GRAPHIC DESIGN: PAPER, SCISSORS AND GLUE.
18 AGOSTO 2016
Everyday the “virtual world” gains space and importance in graphic design.
This connection (sometimes morbid) obviously has some positive aspects, mainly in terms of informations exchange, end product scalability and precision.
The softwares allowing the elaboration of graphic elements, and their functionalities, are in a continuous upgrading, to speed up the processes of everyone working with them.
However, the actual creation, for its own nature, recalls a tangible concept, something real, something that didn’t exist before and now is right there to be touched.
For this reason, even the coldest layout artist will melt with joy when the book, on which he worked so hard, becomes a reality outside his monitor.
The natural human predisposition to a “tangible” approach in any discipline can be found in graphic design too, not only when the result becomes concrete, but also in the actual design phase.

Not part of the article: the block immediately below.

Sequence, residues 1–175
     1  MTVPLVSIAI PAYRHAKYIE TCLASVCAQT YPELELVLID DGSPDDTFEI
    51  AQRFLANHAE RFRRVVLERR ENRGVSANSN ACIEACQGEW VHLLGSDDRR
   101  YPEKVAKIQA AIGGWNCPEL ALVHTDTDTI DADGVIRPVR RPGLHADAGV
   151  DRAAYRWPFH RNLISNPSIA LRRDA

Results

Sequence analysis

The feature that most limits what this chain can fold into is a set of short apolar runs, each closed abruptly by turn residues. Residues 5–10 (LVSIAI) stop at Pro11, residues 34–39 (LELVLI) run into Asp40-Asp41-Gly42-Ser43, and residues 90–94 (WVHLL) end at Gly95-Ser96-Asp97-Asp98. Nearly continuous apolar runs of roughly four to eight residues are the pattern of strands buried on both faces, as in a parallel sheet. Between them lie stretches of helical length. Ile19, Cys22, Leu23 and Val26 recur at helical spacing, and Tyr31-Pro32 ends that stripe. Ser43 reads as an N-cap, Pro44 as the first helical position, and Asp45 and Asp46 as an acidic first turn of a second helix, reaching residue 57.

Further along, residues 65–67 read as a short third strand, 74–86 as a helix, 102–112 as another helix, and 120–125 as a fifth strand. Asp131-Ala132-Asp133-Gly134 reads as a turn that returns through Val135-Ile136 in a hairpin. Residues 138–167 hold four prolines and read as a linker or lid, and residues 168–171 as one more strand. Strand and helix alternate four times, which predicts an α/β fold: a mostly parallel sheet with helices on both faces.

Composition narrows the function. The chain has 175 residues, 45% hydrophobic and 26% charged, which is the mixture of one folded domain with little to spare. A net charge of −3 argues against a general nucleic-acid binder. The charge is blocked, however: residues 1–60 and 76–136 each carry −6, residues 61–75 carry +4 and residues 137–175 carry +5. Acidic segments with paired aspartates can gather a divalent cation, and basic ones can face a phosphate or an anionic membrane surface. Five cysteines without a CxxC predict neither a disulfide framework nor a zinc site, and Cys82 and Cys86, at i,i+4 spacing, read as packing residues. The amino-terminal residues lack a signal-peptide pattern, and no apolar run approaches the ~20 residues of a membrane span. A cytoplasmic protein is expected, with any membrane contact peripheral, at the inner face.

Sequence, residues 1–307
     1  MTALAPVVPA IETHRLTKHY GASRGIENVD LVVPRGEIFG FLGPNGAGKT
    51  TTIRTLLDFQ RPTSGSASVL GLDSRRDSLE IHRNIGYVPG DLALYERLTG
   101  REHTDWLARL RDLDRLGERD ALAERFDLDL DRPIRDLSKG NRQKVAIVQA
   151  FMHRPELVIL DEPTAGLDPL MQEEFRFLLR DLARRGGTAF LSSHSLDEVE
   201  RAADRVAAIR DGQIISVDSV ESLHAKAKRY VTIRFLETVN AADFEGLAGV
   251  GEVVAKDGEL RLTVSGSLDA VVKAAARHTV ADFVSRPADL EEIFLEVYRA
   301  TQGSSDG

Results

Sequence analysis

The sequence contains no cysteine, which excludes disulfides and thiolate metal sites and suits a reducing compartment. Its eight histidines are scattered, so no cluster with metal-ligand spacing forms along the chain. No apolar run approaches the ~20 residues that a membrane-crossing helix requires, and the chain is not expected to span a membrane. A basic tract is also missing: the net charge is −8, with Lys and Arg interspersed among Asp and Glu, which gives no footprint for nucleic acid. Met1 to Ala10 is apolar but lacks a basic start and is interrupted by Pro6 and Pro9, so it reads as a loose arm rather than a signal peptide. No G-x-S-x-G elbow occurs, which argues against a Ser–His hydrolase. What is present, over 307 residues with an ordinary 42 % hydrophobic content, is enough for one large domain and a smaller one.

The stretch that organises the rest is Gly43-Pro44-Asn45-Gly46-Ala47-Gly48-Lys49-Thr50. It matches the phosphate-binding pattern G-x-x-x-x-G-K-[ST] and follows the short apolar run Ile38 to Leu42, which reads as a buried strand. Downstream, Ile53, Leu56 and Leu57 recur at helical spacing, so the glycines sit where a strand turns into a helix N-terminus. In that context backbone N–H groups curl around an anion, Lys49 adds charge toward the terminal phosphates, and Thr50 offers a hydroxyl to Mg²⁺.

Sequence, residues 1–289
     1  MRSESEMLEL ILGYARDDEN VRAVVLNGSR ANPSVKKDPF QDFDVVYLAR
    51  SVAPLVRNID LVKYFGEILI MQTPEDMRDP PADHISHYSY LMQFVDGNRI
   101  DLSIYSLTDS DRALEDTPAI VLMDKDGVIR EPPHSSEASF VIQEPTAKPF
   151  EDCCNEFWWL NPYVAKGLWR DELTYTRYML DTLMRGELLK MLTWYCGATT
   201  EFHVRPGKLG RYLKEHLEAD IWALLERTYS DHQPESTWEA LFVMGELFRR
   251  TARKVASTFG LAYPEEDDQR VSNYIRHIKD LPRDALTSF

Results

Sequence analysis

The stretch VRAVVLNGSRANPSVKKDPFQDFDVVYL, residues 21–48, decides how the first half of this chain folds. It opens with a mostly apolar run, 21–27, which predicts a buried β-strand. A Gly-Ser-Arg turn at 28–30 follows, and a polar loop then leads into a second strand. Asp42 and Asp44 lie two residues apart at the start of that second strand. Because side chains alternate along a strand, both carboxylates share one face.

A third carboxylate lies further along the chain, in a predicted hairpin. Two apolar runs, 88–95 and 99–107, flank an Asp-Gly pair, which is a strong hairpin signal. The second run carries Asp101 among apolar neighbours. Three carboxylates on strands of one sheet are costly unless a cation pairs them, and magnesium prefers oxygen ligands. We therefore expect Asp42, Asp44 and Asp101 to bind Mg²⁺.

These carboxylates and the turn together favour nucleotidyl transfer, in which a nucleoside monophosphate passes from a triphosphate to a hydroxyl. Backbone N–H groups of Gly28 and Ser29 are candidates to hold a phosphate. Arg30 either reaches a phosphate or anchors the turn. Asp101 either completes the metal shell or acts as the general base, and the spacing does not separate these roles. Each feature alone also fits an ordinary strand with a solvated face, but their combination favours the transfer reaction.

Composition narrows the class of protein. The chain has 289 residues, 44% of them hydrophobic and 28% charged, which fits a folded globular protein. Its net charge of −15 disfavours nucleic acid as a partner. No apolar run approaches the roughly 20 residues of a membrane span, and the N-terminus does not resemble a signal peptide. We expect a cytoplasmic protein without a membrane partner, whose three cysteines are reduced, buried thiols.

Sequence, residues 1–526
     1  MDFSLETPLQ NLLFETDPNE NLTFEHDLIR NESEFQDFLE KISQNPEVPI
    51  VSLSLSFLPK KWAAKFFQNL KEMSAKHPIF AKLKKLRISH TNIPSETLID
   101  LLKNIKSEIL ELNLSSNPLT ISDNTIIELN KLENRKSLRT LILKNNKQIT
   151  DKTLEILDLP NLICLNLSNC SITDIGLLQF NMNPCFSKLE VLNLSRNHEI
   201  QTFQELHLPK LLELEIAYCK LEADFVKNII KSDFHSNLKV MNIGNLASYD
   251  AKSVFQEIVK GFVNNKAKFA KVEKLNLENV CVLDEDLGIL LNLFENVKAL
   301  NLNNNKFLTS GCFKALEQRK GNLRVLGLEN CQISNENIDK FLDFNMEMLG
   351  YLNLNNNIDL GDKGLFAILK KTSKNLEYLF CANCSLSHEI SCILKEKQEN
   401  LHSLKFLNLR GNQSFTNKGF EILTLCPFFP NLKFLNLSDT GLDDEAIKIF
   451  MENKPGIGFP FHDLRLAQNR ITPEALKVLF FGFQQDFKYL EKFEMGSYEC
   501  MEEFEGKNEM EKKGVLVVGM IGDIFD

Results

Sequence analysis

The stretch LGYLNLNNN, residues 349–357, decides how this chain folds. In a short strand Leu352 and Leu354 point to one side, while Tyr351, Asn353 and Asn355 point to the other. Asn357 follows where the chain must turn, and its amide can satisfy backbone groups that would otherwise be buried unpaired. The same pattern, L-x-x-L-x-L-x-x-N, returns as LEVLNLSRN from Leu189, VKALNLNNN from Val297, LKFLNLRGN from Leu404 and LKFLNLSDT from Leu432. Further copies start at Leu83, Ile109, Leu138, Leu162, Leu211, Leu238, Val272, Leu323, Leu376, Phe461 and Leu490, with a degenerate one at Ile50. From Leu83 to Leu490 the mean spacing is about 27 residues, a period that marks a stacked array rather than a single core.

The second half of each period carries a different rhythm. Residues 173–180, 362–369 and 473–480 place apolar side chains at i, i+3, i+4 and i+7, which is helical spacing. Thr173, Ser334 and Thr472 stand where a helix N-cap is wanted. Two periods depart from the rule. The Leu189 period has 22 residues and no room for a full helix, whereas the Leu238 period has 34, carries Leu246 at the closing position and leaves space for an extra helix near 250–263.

The beauty of shaping ideas using paper, scissors and glue doesn’t diminish the planning part of a project, fundamental in every work, be it real or virtual.
I experimented lots of these concepts in the “Fondamenti del design bidimensionale”(bidimensional design rules) Lab, lectured by Prof. Giovanni Anceschi. The exercise “Antiprimadonna” by Tomàs Maldonado is one of the most useful examples for my work. The task was to realize, on a A3 paper, one composition (10x35cm) using and mixing 5 spot color stripes and 2 patterned black and white stripes, without any of them being predominant (or as we said Primadonna).
The experimental and visual approach in this exercise, in which you find yourself cutting and moving paper pieces over and over again, trains the eye for the moment when, in front of a monitor, you move virtually an object in order to balance a composition, be it a catalogue’s page, an album’s cover or the logo on a T-shirt.